Could someone comment on what particular relativistic effects would cause an "optical illusion" of superluminal velocities. What specific empirical measurements are they referring to that would indicate apparent superluminal velocities?

It is a common effect that occurs when an object is moving at high velocity almost towards you. It is not a relativistic effect so much as a consequence of the finite speed of light.

Suppose, for example, that something is moving at an angle of θ away from directly towards you, at a velocity v, and you know that it is a distance away from you d.

Suppose that two signals are sent from this object, separated in time Δt. (Forget any relativistic effects. Everything is done in your own reference from.) Now over that time, it moves a distance v.Δt. We break this into two components; it is closer to you by v.Δt.cos(θ), and it has moved orthogonal to the line of sight by v.Δt.sin(θ). The latter corresponds to an apparent horizontal movement across the sky.

Note, however, the second signal has less distance to go to reach you. Therefore it arrives after a shorter period of time Δt(1 - (v/c).cos(θ)). This is simply subtracting the time it would have taken light to go that extra distance towards you, which is (v/c).Δt.cos(θ).

If you forget to consider this advantage in time, you might think that the time the object took was the time between the two signals to be observed, rather than the time between the two signals being emitted.

The apparent horizontal velocity of the object is thus a = v.sin(θ)/(1 - (v/c).cos(θ)).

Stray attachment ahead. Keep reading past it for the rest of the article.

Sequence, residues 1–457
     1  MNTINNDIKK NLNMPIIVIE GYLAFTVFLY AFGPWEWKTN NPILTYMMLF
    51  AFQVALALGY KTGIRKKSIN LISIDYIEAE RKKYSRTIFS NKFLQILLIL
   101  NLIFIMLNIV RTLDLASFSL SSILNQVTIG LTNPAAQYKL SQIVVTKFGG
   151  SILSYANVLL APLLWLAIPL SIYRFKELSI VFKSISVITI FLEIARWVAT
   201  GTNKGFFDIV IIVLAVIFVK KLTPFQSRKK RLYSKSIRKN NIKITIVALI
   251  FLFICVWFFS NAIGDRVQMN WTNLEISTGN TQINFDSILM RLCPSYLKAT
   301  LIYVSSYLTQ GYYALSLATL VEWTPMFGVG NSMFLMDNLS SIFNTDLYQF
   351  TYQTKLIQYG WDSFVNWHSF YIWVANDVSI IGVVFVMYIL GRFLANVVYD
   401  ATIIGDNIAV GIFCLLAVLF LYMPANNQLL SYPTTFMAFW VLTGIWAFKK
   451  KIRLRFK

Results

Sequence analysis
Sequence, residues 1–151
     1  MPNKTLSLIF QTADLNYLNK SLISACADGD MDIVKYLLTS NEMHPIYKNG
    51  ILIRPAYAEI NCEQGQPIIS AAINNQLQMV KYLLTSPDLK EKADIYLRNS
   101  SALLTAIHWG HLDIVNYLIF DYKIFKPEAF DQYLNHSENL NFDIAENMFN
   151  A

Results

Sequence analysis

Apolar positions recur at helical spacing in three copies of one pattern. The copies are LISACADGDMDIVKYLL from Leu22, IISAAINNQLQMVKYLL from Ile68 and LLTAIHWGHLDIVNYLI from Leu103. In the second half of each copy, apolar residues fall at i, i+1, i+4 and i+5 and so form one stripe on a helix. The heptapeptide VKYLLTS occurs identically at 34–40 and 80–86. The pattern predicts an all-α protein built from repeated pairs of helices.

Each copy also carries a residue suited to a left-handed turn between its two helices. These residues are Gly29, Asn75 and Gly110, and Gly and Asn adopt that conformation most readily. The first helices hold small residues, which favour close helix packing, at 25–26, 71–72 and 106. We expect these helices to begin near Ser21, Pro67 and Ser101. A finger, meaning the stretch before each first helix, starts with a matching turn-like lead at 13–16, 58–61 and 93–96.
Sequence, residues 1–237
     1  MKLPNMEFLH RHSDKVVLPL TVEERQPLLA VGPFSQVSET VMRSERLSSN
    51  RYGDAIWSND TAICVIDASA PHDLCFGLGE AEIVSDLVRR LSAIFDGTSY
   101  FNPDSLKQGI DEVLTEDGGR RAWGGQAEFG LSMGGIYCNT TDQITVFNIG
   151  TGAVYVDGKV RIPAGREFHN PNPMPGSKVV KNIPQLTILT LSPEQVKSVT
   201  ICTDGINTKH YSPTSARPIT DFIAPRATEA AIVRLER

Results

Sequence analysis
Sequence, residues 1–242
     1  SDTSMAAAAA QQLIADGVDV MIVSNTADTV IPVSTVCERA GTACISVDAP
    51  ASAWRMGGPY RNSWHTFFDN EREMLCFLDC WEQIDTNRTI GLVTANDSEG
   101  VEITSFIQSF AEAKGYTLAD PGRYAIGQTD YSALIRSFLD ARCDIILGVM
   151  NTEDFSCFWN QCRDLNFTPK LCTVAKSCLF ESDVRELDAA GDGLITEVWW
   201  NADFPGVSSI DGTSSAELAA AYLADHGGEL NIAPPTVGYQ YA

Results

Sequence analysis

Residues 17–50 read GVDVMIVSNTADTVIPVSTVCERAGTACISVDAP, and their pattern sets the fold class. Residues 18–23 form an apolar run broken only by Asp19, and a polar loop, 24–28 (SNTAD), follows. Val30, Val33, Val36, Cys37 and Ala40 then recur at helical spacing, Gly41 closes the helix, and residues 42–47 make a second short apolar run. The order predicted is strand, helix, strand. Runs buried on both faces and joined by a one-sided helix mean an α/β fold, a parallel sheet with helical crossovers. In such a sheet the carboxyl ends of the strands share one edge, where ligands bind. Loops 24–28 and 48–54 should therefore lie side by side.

Using units with c = 1, if you differentiate this with respect to θ, assuming v fixed, you get

[tex]\begin{align*}
a & = \frac{v \sin \theta}{1 - v \cos \theta} \\
\frac{\partial a}{\partial \theta} & = v\frac{\cos \theta ( 1 - v \cos \theta ) - \sin \theta ( v \sin \theta )}{(1 - v \cos \theta)^2} \\
& = c \frac{\cos \theta - v}{(1 - v \cos \theta)^2}
\end{align*}[/tex]

Thus, when v = cos(θ) you get a maximum apparent velocity, which works out to be

[tex]\frac{v}{\sqrt{1-v^2}}[/tex]

If I have the maths right, then you can get an apparent horizontal velocity of 4c if the v was about 97% lightspeed, and the particle was moving at about 14 degrees off directly towards you.

It's not really a relativistic effect, it's simply light travel time. The object approaches you at close to the speed of light, so the light sent from different positions reaches the observer in fast forward.
The acoustic analogue is fast approaching jet fighter. From what you hear, you'd guess that it traveled at Mach 10, so quickly changes the sound. The extreme is a sonic boom, when all the sound arrives in a single moment.